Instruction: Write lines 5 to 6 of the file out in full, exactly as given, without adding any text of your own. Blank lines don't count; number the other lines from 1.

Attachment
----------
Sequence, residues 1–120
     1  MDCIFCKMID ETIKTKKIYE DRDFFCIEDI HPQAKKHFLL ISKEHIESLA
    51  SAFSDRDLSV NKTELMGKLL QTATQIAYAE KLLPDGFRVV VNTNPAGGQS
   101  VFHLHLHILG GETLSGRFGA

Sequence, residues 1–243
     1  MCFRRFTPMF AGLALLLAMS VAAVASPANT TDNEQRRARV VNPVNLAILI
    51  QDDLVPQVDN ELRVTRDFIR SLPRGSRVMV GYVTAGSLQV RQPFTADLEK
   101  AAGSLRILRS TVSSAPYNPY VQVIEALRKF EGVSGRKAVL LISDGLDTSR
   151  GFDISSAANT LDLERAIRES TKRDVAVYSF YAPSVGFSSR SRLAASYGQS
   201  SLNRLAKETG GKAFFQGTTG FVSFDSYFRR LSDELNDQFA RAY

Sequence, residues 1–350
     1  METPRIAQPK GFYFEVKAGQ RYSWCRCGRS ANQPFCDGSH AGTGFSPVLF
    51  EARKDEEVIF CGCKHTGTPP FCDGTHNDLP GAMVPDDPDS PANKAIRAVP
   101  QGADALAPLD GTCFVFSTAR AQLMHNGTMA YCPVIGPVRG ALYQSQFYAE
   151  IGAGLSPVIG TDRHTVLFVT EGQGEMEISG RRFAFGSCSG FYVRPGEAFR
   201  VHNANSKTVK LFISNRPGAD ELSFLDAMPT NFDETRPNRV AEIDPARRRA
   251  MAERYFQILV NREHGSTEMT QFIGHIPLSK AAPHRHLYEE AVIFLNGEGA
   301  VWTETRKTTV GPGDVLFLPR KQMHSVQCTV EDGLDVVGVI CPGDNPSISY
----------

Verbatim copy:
Sequence, residues 1–243
     1  MCFRRFTPMF AGLALLLAMS VAAVASPANT TDNEQRRARV VNPVNLAILI